Calculations and statistical analysis

The renal clearance of [14C]inulin was used to estimate the GFR for each kidney using the formula Cin=GFR=(UinD)/Ain, where Uin is [14C]inulin activity in the urine, Ain is [14C]inulin activity in the arterial plasma and D is the diuresis. The renal clearance of [3H]PAH was used to estimate the effective RPF. For each kidney, the clearance of PAH was determined as CPAH=(UPAHD)/APAH. The extraction fraction of [3H]PAH was determined for the left kidney to estimate the efficiency of renal tubular secretion, using the formula EPAH=(APAHVPAH)/APAH, where VPAH is [3H]PAH activity in the renal vein, which is used to calculate the ‘true’ RPF=CPAH/EPAH.

For each animal, the organ extractions of exendin-4 and GLP-1 were calculated from arteriovenous concentration differences, as described in detail previously [6]. The pulmonary extraction was calculated as the concentration difference between the pulmonary artery and the carotid artery, while for determination of the hepatic extraction, the hepatic blood flow was calculated on the assumption that 75% originates from the portal vein and 25% originates from the carotid artery.

The plasma half-life of GLP-1 and exendin-4 was determined from the elimination phase of the carotid artery plasma profile (after subtraction of basal concentrations in the arterial sample before the start of the peptide infusion, and conversion to natural logarithms followed by linear regression). The metabolic clearance rate (MCR) was determined from the actual infusion rates using the formula MCR=infusion rate/Acarotid.

The renal extraction of each peptide was calculated as: renal extraction=RPF×(AcarotidVrenal) and the maximum amount filtered was calculated as: amount filtered=GFR×Acarotid.

The renal clearance rate was calculated as: renal clearance rate=((AcarotidVrenal)/Acarotid)×RPF.

Data are expressed as mean±SEM and analysed by analysis of variance (ANOVA) and t-test for paired and unpaired data as appropriate. Differences resulting in p<0.05 were considered significant. Statistics were performed using Stastistica 6.0 for Windows (Statsoft, Tulsa, OK, USA).


In vivo half-life and metabolic clearance rate

The plasma profile of exogenous GLP-1 (n=9, Fig. 1) revealed significantly higher C-terminal GLP-1 immunoreactivity levels than N-terminal GLP-1 immunoreactivity (p<0.001, paired t-test). The plasma half-life tended to be shorter when determined with the N-terminal (t1/2 1.5±0.2 min) as compared to the C-terminal GLP-1 RIA (t1/2 2.0±0.2 min), although this was not significant (p=0.1), and N-terminal GLP-1 immunoreactivity was cleared significantly faster (MCR N-terminal 88.1±10.6 ml min−1 kg−1, MCR C-terminal 23.3±2.8 ml min−1 kg−1, p<0.0001, two-way ANOVA). Plasma concentrations of exendin-4 (n=9) are shown in Fig. 2. Exendin-4 was significantly more stable than GLP-1 (p<0.01, one-way ANOVA followed by paired t-test; t1/2 22.0±2.1 min; MCR 1.7±0.3 ml min−1 kg−1).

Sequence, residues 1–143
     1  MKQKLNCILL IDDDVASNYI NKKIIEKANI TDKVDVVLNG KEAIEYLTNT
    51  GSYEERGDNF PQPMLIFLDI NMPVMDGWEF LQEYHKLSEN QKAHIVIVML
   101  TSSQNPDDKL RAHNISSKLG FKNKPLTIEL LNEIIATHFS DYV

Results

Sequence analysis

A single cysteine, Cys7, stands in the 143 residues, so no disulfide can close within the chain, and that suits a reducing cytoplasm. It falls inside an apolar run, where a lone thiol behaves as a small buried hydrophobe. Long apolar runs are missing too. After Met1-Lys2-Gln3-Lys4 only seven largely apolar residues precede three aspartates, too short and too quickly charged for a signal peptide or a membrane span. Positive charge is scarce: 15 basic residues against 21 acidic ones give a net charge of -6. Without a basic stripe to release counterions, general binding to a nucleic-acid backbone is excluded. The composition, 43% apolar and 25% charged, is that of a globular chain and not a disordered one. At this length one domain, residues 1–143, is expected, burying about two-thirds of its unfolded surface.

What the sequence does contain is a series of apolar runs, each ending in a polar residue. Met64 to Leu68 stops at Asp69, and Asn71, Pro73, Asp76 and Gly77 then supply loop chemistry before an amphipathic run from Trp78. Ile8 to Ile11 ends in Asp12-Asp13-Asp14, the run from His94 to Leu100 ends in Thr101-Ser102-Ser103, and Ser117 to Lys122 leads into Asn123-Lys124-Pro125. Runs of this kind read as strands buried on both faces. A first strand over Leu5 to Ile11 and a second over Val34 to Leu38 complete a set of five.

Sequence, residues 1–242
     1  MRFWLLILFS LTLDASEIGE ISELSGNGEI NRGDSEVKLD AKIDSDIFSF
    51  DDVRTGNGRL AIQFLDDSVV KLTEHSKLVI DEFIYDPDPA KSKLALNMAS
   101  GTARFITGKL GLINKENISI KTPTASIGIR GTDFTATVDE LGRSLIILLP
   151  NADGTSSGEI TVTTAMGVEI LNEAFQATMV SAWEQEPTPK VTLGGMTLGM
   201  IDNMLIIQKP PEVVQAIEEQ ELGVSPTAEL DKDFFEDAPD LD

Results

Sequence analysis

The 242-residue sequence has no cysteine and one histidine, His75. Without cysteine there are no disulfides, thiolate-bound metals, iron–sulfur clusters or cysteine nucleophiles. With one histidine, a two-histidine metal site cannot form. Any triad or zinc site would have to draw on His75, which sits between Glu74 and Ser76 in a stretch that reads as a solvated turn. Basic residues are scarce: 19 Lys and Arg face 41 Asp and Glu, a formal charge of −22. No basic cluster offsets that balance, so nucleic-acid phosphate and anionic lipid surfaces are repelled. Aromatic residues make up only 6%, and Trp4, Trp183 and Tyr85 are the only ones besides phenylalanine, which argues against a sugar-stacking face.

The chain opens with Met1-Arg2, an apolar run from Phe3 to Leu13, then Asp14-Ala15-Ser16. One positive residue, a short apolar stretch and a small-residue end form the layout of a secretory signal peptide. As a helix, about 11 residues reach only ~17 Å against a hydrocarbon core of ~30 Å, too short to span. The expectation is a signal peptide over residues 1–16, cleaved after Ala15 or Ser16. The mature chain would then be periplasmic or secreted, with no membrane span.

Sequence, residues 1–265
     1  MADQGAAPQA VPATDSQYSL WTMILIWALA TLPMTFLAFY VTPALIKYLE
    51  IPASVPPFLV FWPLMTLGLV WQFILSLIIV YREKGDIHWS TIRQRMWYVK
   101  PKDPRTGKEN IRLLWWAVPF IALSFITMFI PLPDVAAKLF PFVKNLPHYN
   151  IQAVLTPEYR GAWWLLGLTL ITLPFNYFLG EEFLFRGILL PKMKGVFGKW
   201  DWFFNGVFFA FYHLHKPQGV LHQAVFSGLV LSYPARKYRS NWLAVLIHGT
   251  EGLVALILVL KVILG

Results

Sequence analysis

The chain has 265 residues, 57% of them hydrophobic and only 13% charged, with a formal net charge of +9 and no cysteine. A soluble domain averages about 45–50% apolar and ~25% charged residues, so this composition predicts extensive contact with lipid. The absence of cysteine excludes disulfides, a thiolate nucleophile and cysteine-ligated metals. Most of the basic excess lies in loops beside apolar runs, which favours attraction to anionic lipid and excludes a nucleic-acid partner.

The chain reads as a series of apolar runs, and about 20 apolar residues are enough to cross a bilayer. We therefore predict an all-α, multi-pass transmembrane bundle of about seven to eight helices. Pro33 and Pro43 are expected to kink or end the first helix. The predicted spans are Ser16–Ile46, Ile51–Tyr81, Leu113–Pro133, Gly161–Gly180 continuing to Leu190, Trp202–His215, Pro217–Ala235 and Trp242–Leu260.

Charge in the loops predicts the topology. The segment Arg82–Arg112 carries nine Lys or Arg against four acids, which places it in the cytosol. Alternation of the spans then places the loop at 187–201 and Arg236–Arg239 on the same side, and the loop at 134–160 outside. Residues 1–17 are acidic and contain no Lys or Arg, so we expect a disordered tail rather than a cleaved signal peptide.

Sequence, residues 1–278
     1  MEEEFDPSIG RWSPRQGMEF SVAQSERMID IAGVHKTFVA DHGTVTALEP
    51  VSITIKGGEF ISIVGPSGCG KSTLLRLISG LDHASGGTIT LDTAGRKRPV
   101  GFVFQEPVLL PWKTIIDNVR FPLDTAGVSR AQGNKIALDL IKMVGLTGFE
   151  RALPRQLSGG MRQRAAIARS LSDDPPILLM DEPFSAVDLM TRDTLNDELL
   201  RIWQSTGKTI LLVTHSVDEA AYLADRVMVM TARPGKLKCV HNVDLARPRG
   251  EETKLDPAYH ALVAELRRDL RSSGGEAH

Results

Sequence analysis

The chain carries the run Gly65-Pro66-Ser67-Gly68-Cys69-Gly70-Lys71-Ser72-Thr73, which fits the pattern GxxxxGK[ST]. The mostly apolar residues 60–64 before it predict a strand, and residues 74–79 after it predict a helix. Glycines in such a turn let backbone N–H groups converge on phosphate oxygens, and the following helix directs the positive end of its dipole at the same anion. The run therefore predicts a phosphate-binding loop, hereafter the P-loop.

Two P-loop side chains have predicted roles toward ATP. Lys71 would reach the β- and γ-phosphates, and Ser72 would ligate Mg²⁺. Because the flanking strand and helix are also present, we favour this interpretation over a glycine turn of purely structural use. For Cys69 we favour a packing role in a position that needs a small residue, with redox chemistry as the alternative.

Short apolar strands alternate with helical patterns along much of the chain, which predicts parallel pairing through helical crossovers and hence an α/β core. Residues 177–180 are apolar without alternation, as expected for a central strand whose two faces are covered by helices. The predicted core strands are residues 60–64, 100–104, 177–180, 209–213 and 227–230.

Fig. 1

The plasma concentration profile of GLP-1 in the carotid artery (n=9), measured with a C-terminal RIA (89390) (squares) and an N-terminal RIA (Her4) (triangles), during and following the GLP-1 infusion. Data are means±SEM. During steady state, the C-terminal immunoreactivity of GLP-1 was markedly higher than the N-terminal immunoreactivity of GLP-1, p<0.001

Fig. 2

The plasma profile of exendin-4 (n=9) in the carotid artery during and following the exendin-4 infusion. Data are means±SEM

Organ extraction

The immunoreactivity of plasma GLP-1 and exendin-4 during the peptide infusions is given in Table 1, and the net balance, as percent extraction across the different organs, is illustrated in Fig. 3. There was no significant organ extraction of GLP-1 across the lungs or the intestine, whereas extraction across the kidneys and the hind leg (representing muscular, connective, and adipose tissues) was observed with both assays. In addition, significant extraction of N-terminal GLP-1 immunoreactivity was detected in the liver. Extraction of exendin-4 was detected only in the kidney.